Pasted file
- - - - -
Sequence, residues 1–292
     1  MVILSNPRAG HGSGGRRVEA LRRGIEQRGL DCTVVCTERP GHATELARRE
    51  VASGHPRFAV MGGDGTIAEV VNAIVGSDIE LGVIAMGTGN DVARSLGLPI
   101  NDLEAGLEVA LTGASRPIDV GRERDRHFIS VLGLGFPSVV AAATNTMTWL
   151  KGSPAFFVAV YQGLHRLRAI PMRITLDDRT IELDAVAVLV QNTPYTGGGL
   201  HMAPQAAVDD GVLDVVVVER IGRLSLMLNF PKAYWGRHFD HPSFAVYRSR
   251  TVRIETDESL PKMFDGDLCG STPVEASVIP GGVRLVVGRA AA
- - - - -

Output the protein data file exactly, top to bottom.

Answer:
Sequence, residues 1–292
     1  MVILSNPRAG HGSGGRRVEA LRRGIEQRGL DCTVVCTERP GHATELARRE
    51  VASGHPRFAV MGGDGTIAEV VNAIVGSDIE LGVIAMGTGN DVARSLGLPI
   101  NDLEAGLEVA LTGASRPIDV GRERDRHFIS VLGLGFPSVV AAATNTMTWL
   151  KGSPAFFVAV YQGLHRLRAI PMRITLDDRT IELDAVAVLV QNTPYTGGGL
   201  HMAPQAAVDD GVLDVVVVER IGRLSLMLNF PKAYWGRHFD HPSFAVYRSR
   251  TVRIETDESL PKMFDGDLCG STPVEASVIP GGVRLVVGRA AA